Jeremy Farrar is a former professor at Oxford University and the head of the Wellcome Trust, an extremely influential non-government funder of medical research in the UK and a big investor in vaccine companies.
Some people regard Farrar as the UK’s Anthony Fauci. He had much to do with the pandemic response, including the lockdowns and mandates in the UK. For the entire pandemic ordeal, he has been in touch with his colleagues around the world. He has written a book (it appeared July 2021 but was probably written in the Spring) on his experience with the pandemic.
In general, the book is chaotic, strongly backing lockdowns without ever presenting a clear rationale for why, much less a road map for how to get out of lockdowns. I swear you could read this book carefully front to back and not know anything more about pandemics and their course than you had at the beginning. In this sense, the book is an abysmal failure, which probably explains why it is so little talked about.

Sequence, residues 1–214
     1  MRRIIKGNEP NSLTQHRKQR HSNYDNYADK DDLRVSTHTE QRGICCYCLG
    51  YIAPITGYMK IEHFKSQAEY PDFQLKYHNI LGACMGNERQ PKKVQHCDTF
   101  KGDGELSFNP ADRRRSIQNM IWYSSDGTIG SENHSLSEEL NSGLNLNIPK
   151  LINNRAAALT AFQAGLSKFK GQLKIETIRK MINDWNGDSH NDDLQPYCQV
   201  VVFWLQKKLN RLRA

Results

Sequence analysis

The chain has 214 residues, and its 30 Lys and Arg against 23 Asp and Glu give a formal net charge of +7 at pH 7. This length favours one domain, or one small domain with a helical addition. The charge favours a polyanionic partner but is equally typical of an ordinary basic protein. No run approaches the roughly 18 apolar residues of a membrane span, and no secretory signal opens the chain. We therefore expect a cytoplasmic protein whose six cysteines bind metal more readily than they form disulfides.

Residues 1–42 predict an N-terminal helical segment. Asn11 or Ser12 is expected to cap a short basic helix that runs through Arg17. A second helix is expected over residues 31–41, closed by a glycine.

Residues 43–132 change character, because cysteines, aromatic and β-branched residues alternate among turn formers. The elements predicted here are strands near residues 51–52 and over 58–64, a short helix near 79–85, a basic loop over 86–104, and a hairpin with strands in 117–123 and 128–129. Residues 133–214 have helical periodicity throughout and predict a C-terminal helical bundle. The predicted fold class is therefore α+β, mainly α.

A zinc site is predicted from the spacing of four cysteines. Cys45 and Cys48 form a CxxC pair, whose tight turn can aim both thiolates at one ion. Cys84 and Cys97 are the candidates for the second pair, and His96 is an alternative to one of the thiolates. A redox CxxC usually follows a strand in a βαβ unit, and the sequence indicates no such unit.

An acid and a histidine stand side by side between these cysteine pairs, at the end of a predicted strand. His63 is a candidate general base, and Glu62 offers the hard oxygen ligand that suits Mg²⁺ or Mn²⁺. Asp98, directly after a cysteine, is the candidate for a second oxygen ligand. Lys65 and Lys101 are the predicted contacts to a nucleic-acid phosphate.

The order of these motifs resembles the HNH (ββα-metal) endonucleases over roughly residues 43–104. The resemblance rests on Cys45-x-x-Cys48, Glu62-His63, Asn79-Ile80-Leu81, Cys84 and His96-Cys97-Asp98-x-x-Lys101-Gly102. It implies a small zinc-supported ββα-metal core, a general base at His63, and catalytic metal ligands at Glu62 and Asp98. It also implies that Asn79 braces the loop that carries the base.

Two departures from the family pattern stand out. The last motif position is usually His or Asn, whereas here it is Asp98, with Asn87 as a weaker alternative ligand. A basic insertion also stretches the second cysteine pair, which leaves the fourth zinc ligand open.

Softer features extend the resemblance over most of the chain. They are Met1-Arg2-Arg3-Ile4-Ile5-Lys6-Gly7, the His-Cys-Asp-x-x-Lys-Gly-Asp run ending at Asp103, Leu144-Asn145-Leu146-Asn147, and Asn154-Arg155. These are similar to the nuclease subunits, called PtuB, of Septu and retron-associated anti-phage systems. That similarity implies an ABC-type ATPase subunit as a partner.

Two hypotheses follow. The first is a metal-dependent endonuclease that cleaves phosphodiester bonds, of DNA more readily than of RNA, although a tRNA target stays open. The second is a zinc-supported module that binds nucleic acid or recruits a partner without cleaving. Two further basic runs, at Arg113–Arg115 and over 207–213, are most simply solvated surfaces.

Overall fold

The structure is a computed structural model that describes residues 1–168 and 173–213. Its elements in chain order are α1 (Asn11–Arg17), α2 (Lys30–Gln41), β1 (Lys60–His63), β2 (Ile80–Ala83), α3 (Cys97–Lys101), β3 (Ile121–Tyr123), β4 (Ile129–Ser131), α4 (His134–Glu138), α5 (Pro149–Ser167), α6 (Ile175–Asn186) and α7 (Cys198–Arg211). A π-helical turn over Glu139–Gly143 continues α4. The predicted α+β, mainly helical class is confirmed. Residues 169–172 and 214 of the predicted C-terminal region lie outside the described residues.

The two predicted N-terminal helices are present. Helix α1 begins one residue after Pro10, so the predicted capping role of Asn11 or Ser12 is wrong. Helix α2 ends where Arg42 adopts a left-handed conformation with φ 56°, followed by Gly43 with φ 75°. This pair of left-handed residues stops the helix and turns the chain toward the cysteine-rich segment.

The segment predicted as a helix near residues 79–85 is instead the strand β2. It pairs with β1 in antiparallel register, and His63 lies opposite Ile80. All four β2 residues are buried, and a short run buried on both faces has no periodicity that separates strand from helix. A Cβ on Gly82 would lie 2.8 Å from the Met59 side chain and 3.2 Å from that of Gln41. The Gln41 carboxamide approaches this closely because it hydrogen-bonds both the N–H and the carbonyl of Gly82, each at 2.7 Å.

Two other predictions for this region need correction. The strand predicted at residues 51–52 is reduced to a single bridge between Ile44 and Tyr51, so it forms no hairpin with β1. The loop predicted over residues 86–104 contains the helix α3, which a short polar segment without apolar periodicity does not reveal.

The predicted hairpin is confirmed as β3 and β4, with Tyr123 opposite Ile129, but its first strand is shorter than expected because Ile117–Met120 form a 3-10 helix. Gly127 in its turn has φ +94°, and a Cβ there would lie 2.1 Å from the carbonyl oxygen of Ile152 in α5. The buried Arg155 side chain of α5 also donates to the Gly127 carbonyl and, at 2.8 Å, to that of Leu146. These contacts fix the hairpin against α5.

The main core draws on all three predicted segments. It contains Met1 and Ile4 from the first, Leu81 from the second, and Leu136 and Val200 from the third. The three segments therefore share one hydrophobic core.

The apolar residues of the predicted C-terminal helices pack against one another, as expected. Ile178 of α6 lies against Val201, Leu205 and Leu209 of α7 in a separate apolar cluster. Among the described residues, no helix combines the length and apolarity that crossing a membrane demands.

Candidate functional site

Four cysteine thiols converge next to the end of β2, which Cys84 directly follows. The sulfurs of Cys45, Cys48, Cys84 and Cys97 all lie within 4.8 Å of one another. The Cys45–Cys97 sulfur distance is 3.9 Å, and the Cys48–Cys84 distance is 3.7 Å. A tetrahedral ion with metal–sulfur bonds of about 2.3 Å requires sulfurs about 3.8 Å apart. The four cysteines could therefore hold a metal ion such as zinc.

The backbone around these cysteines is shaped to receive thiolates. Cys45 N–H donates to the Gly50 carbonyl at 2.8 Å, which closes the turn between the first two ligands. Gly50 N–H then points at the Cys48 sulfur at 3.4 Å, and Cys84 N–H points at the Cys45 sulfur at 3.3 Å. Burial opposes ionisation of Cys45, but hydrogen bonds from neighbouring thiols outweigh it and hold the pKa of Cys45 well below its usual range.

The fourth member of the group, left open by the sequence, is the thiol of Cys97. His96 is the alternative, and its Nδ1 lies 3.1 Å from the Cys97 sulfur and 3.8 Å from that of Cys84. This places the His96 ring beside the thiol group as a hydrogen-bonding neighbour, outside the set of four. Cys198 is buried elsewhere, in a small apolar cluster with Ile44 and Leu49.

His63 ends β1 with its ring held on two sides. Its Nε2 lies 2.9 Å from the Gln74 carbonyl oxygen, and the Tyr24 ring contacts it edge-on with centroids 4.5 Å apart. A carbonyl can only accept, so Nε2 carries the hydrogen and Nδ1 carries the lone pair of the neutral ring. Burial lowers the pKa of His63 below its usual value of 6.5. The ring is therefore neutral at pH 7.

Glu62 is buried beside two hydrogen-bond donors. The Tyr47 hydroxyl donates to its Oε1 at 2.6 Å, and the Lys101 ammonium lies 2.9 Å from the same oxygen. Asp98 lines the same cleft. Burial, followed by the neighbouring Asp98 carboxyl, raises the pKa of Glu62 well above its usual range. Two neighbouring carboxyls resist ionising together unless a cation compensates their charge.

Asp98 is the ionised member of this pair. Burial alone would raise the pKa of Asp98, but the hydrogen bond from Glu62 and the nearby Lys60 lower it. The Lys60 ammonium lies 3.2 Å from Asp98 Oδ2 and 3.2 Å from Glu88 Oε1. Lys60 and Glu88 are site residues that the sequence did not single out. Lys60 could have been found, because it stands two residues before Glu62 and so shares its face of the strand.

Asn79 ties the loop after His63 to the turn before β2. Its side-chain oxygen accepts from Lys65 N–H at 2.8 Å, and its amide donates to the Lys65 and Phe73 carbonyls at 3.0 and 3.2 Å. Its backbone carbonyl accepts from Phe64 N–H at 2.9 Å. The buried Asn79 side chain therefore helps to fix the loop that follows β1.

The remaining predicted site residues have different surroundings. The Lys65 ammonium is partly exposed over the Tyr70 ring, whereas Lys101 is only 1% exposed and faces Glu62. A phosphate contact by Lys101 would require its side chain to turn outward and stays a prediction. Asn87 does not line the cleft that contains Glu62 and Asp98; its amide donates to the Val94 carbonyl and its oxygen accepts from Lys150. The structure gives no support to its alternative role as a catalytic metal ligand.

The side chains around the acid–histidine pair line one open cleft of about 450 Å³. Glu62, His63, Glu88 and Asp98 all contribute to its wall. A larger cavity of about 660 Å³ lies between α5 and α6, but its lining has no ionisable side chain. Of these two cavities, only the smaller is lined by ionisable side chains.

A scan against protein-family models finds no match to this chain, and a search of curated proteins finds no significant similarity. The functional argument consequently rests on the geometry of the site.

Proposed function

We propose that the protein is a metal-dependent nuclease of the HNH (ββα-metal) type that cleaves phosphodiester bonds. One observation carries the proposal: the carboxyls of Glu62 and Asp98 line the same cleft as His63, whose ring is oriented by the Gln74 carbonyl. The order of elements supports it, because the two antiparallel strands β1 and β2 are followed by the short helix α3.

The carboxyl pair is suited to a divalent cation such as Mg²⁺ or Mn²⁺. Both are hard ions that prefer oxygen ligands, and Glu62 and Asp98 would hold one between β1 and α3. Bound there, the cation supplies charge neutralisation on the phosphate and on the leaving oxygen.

That said, the book is revealing in other ways, some of which I did not cover in my review. He carefully presents the scene at the beginning of the pandemic, including the great fear that he, Fauci, and others had that the virus was not of natural origin. It might have been created in a lab and leaked, accidentally or deliberately. This awesome prospect is behind some of the strangest sentences in the book, which I quote here:
By the second week of January, I was beginning to realise the scale of what was happening. I was also getting the uncomfortable feeling that some of the information needed by scientists all around the world to detect and fight this new disease was not being disclosed as fast as it could be. I did not know it then, but a fraught few weeks lay ahead.
In those weeks, I became exhausted and scared. I felt as if I was living a different person’s life. During that period, I would do things I had never done before: acquire a burner phone, hold clandestine meetings, keep difficult secrets. I would have surreal conversations with my wife, Christiane, who persuaded me we should let the people closest to us know what was going on. I phoned my brother and best friend to give them my temporary number. In hushed conversations, I sketched out the possibility of a looming global health crisis that had the potential to be read as bioterrorism.
‘If anything happens to me in the next few weeks,’ I told them nervously, ‘this is what you need to know.’